Okay, so what does keeping the Sabbath have to do with insurance? Well, it’s not so much “the Sabbath,” per se, but taking a sabbatical. Many not-for-profit organizations (NFP’s) offer periodic sabbaticals to their employees, in order to help them refresh and renew their commitments. Unfortunately, such practices may be unlawful under the little-known legal principle of “personal inurement.”
In law, “compensation based on skill, effort and time expended, remunerated by salary or fee, does not constitute personal inurement.” So the challenge is in determining the monetary value of a sabbatical. Common sense [ed: quite the oxymoron, no?] would seem to equate a sabbatical to “unpaid leave;” the only real “value” is that one is assured of having a job to come back to. So what is the value of that certainty, and how would it apply to, say, a minister taking a year off to “find himself?”
Peter Marathas, a benefits attorney, warns that “(n)onprofit employers have to be sensitive about setting compensation. And when they're considering all parts of compensation, they shouldn't ignore sabbaticals." In other words, if the sabbatical has a value, then it has to be included with the rest of said minister’s benefits package. This hasn’t, apparently, been a big deal until recently, when the Infernal Revenue Service (at the urging of Congress) decided to start “cracking down” on NFP’s which offered such benefits as part of their employees’ compensation arrangements.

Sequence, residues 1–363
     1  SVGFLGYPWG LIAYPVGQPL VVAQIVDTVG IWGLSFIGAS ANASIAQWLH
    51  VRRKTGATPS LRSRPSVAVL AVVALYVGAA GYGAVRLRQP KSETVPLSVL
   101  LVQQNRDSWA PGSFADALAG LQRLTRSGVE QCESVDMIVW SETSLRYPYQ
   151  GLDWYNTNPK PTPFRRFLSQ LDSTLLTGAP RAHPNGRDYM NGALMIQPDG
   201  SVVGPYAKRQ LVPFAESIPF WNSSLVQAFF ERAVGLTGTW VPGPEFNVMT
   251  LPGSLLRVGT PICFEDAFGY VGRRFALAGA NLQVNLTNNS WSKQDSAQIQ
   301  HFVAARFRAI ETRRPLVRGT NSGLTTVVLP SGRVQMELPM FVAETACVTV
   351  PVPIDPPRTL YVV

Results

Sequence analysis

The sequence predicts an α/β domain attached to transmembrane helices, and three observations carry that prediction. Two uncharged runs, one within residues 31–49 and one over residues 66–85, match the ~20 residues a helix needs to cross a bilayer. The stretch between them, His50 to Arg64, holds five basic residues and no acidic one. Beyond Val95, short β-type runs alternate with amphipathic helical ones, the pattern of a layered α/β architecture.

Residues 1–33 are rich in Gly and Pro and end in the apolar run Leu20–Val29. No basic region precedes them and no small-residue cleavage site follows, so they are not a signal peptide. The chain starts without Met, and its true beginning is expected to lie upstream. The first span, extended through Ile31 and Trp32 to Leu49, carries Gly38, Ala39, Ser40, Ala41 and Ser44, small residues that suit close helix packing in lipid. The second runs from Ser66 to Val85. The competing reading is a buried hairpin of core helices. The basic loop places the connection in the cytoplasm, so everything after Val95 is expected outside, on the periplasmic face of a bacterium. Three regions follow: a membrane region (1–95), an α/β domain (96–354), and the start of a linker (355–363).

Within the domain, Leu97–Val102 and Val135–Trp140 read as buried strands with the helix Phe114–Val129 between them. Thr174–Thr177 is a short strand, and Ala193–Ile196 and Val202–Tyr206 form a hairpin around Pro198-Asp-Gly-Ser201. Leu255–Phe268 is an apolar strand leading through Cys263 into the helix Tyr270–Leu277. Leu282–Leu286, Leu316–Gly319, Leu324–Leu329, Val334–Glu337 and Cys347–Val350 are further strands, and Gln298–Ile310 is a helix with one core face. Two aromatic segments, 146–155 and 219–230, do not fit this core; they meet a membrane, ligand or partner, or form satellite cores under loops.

There are some pretty hefty fines that can be levied against folks who run afoul of these reg’s: starting with a 25% individual tax penalty. And the fines go up from there. And the NFP itself can face substantial whacks, as well: such as a $10,000 penalty on each of their trustees. Ouch!
We tend to think of benefits in terms of health and life insurance, flex plans and vacation days. We’ve discussed transportation reimbursement, of course, as an unusual type of benefit. But I’ve never really thought about sabbaticals as such, and this is a heck of an intro, to boot.